yield [int(basename), float(x), float(y), float(z),
                           int(intensity)]
    
    
points = ntlist.NTList("frame", "x", "y", "z", "intensity")
points.insert_generator(load_points('radiohead_hoc/frames'))
search = lambda point: ((60 < point.intensity) and
                        (25 < point.x < 150) and
                        (50 < point.y < 220))
    
for point in points.select(search):
    print "{0.frame}: {0.x},{0.y},{0.z} @ {0.intensity}".format(point)
    
"""
Output:
...
1: 25.411692,179.43275,-111.42092 @ 62
1: 25.371733,182.449,-113.35993 @ 108
1: 25.487768,185.37956,-113.74146 @ 114
...
"""

The insert_generator function replaces the NTList instance’s internal row storage list with the given generator, so that generator-compatible iterators and enumerators can load data when needed, and dispose of it when it is no-longer needed. Now the script stays a manageable size in memory during its entire exection.

One thing that I wondered about was the type conversion taking place on the final line of the load_points function. Is this the best place? Does is make my generator more or less portable? What if there are other data sources? I decided to move type conversion into the ntlist class. The constructor now takes an optional types argument which specifies a list of types (which correspond to the given list of column names). If column type is specified, values inserted into it are automatically type-converted.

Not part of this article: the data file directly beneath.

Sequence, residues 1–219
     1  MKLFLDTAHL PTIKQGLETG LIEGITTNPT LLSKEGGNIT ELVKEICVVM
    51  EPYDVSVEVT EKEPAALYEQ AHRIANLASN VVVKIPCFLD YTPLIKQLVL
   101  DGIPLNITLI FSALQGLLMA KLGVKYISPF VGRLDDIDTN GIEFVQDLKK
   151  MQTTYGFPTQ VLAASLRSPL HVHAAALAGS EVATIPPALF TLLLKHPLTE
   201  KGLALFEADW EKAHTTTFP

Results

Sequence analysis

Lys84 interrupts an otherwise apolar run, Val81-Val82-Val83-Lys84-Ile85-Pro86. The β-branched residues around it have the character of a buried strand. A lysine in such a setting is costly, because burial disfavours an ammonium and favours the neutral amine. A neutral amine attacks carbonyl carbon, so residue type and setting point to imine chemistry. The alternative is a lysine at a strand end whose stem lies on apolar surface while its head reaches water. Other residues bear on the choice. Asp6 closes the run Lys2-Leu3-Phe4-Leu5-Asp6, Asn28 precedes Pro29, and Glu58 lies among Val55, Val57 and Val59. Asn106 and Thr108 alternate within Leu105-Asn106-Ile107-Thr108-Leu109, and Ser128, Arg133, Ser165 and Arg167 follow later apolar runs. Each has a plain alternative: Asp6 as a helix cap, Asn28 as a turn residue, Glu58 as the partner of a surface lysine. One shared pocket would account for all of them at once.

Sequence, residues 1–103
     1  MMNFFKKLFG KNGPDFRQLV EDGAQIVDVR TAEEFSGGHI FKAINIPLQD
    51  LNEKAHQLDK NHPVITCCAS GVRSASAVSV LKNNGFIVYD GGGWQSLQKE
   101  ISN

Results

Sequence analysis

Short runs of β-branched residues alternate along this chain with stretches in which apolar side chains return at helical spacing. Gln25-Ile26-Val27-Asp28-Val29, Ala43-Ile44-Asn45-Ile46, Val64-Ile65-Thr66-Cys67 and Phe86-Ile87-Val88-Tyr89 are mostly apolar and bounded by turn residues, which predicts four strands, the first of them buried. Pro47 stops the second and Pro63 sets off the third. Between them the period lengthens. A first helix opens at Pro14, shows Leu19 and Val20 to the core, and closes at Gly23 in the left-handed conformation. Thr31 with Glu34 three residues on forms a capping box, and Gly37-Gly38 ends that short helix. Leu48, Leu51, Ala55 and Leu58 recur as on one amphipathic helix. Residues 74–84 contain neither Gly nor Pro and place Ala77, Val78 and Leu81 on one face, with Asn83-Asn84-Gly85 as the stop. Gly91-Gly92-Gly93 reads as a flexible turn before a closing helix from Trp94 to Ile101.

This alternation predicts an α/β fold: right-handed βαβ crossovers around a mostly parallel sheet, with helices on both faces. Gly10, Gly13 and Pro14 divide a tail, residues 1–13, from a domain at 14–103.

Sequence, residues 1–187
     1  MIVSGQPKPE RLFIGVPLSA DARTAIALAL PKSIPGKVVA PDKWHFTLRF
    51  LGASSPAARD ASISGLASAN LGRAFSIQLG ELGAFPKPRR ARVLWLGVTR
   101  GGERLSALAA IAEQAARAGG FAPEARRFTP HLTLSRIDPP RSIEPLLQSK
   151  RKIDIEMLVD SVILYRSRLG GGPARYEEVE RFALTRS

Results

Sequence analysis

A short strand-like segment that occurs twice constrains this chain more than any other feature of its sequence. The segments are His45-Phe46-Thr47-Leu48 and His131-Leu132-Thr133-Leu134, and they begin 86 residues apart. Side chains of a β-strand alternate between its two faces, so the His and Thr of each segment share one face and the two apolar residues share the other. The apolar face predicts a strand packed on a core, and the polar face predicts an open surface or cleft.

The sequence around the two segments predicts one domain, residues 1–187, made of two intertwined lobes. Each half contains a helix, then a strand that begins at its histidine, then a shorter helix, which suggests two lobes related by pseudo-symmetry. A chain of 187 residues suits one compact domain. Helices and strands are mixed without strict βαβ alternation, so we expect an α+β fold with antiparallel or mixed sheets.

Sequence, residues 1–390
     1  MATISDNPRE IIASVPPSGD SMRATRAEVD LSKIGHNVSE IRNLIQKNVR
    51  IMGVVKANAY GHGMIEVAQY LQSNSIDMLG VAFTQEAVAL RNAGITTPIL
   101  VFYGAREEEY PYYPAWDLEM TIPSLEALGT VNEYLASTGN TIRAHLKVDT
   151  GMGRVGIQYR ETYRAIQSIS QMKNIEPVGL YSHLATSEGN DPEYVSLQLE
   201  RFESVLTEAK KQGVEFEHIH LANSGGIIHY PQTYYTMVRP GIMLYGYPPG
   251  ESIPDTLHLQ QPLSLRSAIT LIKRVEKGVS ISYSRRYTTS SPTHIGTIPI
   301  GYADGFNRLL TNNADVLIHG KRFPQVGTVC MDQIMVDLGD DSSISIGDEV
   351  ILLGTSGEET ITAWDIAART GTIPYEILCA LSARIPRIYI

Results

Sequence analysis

But what would such a class look like in action? For that I’ll use matplotlib:

#!/usr/bin/python
""" Test the NTList class on Radiohead's head's head, now with visuals """
import os
    
import ntlist
import matplotlib
import pylab
from mpl_toolkits import mplot3d 
    
def load_points(input_directory):
    """
    Return an ntlist file
    """
    filename_sort = lambda filename: int(filename.split('.')[0])
    
    for filename in sorted(os.listdir(input_directory), key=filename_sort):
        basename, extension = os.path.splitext(filename)
        if extension == ".csv":
            with open(os.path.join(input_directory, filename)) as inputfile:
                for line in inputfile:
                    x, y, z, intensity = line.strip().split(',')
                    yield [basename, x, y, z, intensity]
    
    
points = ntlist.NTList("frame", "x", "y", "z", "intensity",
                       types=[int, float, float, float, int])
points.insert_generator(load_points('radiohead_hoc/frames'))
search = lambda point: ((60 < point.intensity) and
                        (25 < point.x < 150) and
                        (50 < point.y < 220))
    
extract = [next(points.select(search)) for _ in range(3500)]
    
FIGURE = pylab.figure()
A3D = mplot3d.Axes3D(FIGURE)
A3D.scatter([point.x for point in extract],
            [point.y for point in extract],
            [point.z for point in extract],
            c=[point.intensity for point in extract],
            marker=',')
matplotlib.pyplot.show()

Examples of output:

Radiohead - House of Cards LIDAR - ntlist example 1

Radiohead - House of Cards LIDAR - ntlist example 2

Radiohead - House of Cards LIDAR - ntlist example 3

The missing step is benchmarking. I’ll save that for next time. In the mean time, the ntlist module is on github.